tone appears in zero frequency of the cyclic spectrum. Thus,

we compute the zero frequency component of cyclic spectra

for several cyclic frequencies and use their maximum value as

decision statistic

T = max

α |Sα y [0]|. (32)

B. False Alarm Calculation

Hypothesis H 0 corresponds to the presence of noise only,

i.e., y[n] = w[n]. The random variables Sw[0] α obtained

by using the frequency average method, (11), are nearly

i.i.d. circularly symmetric complex Gaussian random variables

having zero-mean and variance given by (15). Denote the

variance obtained by (15) as σS 2 , It can be easily shown that

the cumulative distribution function of T is given by

(∫ t

L

2u

F T (t : H 0 )= e − u2

σ

S du) 2 (33)

where L is the number of observed cyclic frequencies. Then,

for a particular value of false alarm probability (P FA ), the

corresponding threshold γ can be found from

0

σ 2 S

P FA =1− F T (γ : H 0 ). (34)

Finally, after some straightforward calculation, we have

(

) 1/2

γ = ρ σS 2 1

ln

. (35)

1 − (1 − P FA ) 1/L

where ρ is an heuristic adjusting factor added artificially to

account for the approximation mentioned in Section IV-B.

VII. SIMULATION RESULTS

In Fig. 1, the real-valued DTV signal capture data r[n] are

obtained by sampling DTV channels at a rate of 21.524476

MHz, which is 2X over-sampled and then down converted to

have a carrier frequency equal to 5.38 MHz [9][10]. Because

the pilot tone of the capture data is located around 2.69 MHz.

The parameter f ω in Fig. 1 is (2.69-f IF ) MHz. The bandpass

filter used to filter the pilot tone has a bandwidth of 40 KHz

and f IF is 17 KHz. The decimation factor is 200 and the

decimation filter is a 50 KHz low-pass filter. The size of FFT

is 2048. The parameter M in (11) is 5 and f ∆ is set to be half

of the subcarrier spacing divided by M. The file names of the

ATSC DTV signal captures and their corresponding symbols

in the simulation figures are listed in Table 1. Figures 2 and

3 show the spectrum sensing performance for P FA = 0.1

and P FA =0.01. Both of these simulations use 19.03 ms of

sensing time. We can see from Fig’s. 2 and 3 that for average

detection performance to achieve P MD =0.1, when P FA =0.1,

the needed SNR is -25 dB and when P FA =0.01, the needed

SNR is -24.3 dB. It means that the proposed algorithm is

not sensitive to a change in the P FA (threshold). This is a

good feature of the proposed algorithm. Figure 4 shows the

spectrum sensing performance for P FA =0.1, and the noise

uncertainty equals 1 dB. A 1 dB noise uncertainty means that

instead of knowing the exact value of the noise PSD, it has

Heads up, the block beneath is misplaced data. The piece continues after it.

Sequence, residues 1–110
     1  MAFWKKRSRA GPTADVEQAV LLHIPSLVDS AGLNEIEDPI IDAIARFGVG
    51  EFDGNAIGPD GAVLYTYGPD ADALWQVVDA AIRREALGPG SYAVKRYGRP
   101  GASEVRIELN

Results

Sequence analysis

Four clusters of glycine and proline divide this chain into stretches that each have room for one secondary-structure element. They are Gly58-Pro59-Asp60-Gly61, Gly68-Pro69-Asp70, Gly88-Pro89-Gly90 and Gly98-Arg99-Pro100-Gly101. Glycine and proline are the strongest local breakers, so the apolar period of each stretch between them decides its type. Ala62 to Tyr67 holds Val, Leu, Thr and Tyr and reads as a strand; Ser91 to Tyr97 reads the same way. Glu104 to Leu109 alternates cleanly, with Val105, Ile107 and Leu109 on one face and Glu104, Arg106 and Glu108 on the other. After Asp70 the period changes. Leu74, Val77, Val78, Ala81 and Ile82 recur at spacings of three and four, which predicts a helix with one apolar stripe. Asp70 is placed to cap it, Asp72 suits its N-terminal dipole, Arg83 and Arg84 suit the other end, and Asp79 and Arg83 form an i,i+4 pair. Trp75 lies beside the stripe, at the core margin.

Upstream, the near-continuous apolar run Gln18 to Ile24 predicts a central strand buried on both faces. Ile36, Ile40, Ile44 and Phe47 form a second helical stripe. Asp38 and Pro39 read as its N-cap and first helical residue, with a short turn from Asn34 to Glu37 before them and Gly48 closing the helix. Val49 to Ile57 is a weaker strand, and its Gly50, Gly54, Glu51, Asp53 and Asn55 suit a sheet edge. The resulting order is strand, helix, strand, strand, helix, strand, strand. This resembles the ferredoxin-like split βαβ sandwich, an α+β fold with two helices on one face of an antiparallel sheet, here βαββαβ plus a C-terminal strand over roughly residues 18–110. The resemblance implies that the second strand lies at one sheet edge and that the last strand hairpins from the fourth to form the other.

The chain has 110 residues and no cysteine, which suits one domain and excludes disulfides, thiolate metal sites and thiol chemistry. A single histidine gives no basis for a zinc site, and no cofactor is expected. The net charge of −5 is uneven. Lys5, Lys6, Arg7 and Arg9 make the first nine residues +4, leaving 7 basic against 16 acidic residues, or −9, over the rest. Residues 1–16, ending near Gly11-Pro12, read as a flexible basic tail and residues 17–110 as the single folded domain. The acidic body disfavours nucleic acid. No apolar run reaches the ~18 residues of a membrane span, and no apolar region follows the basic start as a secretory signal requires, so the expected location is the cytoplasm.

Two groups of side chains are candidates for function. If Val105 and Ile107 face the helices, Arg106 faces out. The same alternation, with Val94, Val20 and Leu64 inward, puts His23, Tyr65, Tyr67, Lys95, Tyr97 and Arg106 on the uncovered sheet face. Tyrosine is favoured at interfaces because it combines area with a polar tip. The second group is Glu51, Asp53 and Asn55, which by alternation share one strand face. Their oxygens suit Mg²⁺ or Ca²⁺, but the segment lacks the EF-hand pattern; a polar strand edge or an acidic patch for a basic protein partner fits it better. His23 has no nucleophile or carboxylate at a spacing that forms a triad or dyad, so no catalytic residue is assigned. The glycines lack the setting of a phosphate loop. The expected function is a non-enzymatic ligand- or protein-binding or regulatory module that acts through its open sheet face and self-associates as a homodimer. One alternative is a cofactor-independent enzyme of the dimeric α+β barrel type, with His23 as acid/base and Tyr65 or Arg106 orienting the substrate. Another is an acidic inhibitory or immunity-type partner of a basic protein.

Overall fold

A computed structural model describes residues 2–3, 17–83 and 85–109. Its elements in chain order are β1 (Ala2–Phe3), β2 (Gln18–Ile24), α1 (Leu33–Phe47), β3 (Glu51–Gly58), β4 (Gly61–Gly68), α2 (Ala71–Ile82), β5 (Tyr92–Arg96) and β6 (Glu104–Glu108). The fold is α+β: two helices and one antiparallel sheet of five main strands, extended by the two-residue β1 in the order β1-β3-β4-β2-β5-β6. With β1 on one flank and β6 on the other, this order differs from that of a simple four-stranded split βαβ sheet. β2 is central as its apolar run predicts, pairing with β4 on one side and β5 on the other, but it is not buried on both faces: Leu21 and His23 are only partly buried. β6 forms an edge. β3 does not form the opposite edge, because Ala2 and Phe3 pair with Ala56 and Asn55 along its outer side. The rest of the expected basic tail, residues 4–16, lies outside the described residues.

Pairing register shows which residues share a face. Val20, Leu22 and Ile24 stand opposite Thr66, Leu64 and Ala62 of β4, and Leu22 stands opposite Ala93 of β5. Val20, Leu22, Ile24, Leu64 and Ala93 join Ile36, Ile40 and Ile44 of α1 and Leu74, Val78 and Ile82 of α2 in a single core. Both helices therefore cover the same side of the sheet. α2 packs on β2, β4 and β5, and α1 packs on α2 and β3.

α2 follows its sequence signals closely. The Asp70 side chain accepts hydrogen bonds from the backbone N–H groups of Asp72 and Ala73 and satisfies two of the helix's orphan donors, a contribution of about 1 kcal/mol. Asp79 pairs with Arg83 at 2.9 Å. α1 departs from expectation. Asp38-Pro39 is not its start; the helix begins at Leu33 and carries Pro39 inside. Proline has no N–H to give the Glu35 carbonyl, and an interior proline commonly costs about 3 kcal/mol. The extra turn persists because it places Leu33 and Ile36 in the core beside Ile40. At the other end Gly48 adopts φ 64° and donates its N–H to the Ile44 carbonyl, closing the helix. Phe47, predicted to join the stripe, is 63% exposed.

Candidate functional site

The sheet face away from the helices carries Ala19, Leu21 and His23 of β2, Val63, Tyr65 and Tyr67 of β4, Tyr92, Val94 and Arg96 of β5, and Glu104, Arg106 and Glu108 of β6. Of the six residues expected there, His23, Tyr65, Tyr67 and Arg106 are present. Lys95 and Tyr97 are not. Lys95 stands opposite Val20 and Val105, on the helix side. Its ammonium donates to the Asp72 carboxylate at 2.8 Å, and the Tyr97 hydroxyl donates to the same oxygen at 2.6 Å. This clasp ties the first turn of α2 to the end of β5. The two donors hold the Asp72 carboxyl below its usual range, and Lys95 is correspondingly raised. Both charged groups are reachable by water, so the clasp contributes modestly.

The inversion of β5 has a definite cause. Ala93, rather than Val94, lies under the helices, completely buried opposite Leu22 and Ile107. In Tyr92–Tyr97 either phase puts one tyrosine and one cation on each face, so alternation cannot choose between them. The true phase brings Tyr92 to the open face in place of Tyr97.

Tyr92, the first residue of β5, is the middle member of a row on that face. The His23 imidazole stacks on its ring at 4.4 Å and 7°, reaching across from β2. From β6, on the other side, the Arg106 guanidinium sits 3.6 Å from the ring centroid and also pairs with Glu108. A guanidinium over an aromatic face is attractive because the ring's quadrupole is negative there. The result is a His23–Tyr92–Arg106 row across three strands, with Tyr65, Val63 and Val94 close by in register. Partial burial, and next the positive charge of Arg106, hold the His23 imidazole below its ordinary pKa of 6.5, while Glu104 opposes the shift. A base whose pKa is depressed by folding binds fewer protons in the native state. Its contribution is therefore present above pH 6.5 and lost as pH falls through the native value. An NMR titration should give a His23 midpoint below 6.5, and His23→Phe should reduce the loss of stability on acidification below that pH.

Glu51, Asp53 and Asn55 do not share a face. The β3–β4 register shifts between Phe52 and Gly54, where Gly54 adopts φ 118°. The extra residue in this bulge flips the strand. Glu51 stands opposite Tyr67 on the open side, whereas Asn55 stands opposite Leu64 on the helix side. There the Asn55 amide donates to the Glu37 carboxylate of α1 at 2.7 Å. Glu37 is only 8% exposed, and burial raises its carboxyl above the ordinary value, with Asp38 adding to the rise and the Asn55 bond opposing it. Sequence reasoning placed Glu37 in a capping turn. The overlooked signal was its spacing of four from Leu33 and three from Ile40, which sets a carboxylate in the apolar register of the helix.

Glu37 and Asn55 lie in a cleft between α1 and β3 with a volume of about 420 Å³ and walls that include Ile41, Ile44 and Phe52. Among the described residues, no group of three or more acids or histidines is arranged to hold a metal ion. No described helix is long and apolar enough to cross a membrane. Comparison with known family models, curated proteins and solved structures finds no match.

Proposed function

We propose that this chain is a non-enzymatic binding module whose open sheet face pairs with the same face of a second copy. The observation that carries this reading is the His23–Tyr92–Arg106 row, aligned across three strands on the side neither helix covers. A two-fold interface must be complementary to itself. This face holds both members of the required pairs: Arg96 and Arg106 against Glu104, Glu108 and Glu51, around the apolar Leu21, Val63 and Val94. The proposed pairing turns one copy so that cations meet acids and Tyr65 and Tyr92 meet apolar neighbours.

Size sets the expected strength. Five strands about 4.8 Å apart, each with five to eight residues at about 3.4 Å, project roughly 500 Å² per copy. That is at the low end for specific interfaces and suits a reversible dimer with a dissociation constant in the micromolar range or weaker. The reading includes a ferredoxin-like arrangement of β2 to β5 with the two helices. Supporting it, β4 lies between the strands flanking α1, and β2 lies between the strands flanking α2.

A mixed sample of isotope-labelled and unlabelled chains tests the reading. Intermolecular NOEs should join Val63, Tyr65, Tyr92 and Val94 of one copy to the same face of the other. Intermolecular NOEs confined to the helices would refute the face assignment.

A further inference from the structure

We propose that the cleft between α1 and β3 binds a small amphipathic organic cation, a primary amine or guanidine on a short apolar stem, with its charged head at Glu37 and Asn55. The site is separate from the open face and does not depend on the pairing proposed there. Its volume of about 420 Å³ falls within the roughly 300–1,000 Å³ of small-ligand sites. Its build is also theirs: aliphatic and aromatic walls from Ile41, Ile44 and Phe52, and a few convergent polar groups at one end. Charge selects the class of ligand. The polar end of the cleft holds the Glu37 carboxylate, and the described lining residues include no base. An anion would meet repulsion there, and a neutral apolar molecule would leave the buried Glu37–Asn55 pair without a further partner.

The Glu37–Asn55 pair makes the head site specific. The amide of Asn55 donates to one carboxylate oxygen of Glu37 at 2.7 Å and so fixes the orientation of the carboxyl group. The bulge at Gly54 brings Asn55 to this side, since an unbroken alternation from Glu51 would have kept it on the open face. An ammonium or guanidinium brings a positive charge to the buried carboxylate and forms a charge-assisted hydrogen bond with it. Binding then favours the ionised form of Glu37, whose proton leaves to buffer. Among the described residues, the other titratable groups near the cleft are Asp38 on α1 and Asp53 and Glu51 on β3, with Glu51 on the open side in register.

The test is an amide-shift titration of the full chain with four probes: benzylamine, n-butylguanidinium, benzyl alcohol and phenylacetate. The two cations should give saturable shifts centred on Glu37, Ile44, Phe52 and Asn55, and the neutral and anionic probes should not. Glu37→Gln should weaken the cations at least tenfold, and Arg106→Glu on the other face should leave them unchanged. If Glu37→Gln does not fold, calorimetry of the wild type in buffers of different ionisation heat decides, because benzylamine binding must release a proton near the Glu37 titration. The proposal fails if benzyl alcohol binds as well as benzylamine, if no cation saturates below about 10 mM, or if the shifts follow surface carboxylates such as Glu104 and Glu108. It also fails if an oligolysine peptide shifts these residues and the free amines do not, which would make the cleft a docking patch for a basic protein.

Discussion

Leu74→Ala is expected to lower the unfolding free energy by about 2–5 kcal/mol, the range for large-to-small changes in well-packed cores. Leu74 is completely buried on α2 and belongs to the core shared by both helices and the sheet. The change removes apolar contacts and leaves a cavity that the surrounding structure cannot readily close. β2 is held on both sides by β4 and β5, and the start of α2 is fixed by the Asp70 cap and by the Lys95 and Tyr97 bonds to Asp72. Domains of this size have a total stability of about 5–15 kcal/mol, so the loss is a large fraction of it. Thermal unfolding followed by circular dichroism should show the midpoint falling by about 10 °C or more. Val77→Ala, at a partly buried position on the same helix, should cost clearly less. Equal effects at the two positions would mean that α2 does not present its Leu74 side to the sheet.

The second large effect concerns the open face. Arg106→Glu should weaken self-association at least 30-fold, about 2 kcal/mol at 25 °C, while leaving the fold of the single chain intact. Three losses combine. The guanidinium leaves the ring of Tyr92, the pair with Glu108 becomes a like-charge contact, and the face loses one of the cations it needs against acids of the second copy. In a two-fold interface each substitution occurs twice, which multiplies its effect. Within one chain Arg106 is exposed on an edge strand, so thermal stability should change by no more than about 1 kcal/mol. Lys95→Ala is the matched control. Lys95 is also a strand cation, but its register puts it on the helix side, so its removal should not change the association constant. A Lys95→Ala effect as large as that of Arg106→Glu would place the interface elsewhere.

a range of ± 1 dB. For the discussion of noise uncertainty,

interested readers are referred to [11]. We use the worst case

scenario, i.e, the PSD of noise is -95.2185 dBm at room

temperature, and we assume that the PSD of noise is -94.2185

dBm to calculate the decision threshold. We can see that with

1 dB of noise uncertainty, for average detection performance to

achieve P MD =0.1, when P FA =0.1, the needed SNR is -23 dB

which reveals that the proposed spectrum sensing algorithm

is not sensitive to the noise uncertainty. As for comparison to

the other detectors being proposed for IEEE 802.22 WRAN,

the best detector in [3] can achieve P MD = 0.1 subject

to P FA =0.1 when SNR=-13 dB and the sensing time is

90 ms. In [12], the proposed detector can achieve the same

performance when SNR=-14 dB and the sensing time is 290.4

ms. Therefore, the proposed detector obviously outperforms

the detectors in [3] and [12]. It should be noted that the

complexity of the proposed algorithm is relatively less than

the detectors proposed in [3] and [12].

VIII. CONCLUSION

In this paper, we show how to make use of the noise

rejection property of the cyclostationary spectrum to perform

spectrum sensing in very low SNR environments. The

statistical behavior of the estimated cyclic spectrum of a

stationary Gaussian process are fully analyzed. The spectrum

sensing algorithm for IEEE 802.22 WRAN is developed in

detail as well as the calculation of the false alarm rate. The

simulation results show that the proposed detector can achieve

P MD = 0.1 subject to P FA = 0.1 when SNR = -25 dB

and the sensing time is 19.03 ms. The proposed detector is

not sensitive to either changes in P FA or noise uncertainty.

Furthermore, the proposed algorithm outperforms the existing

signature based sensing algorithms.

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10 0 SNR (dB)

10 0 SNR (dB)

P MD

10 −1

10 −2

A

B

C

D

E

F

G

H

I

J

K

L

Average

10 −3

−35 −30 −25 −20

P MD

10 −1

10 −2

A

B

C

D

E

F

G

H

I

J

K

L

10 −3

Average

−32 −30 −28 −26 −24 −22 −20

Fig. 2. Spectrum sensing performance of the cyclostationary feature detector,

P FA =0.1 and the sensing time=19.03 ms.

Fig. 4. Spectrum sensing performance of the cyclostationary feature detector,

P FA =0.1, noise uncertainty = 1 dB and the sensing time=19.03 ms.

P MD

10 0

10 −1

A

B

C

D

E

10 −2

F

G

H

I

J

K

L

Average

10 −3

−32 −30 −28 −26 −24 −22 −20

SNR (dB)

Fig. 3. Spectrum sensing performance of the cyclostationary feature detector,

P FA =0.01 and the sensing time=19.03 ms.

Symbol ATSC DTV Capture Date File Name

A

WAS 3 27 06022000 REF

B

WAS 311 36 06052000 REF

C

WAS 06 34 06092000 REF

D

WAS 311 48 06052000 REF

E

WAS 51 35 05242000 REF

E

WAS 68 36 05232000 REF

F

WAS 86 48 07122000 REF

G

WAS 311 35 06052000 REF

I

WAS 47 48 06132000 opt

J

WAS 32 48 06012000 OPT

K

WAS 49 34 06142000 opt

L

WAS 49 39 06142000 opt

Ave Average

TABLE I

ATSC DTV CAPTURE DATE FILE NAMES AND ITS CORRESPONDING

SYMBOL IN THE FIGURES.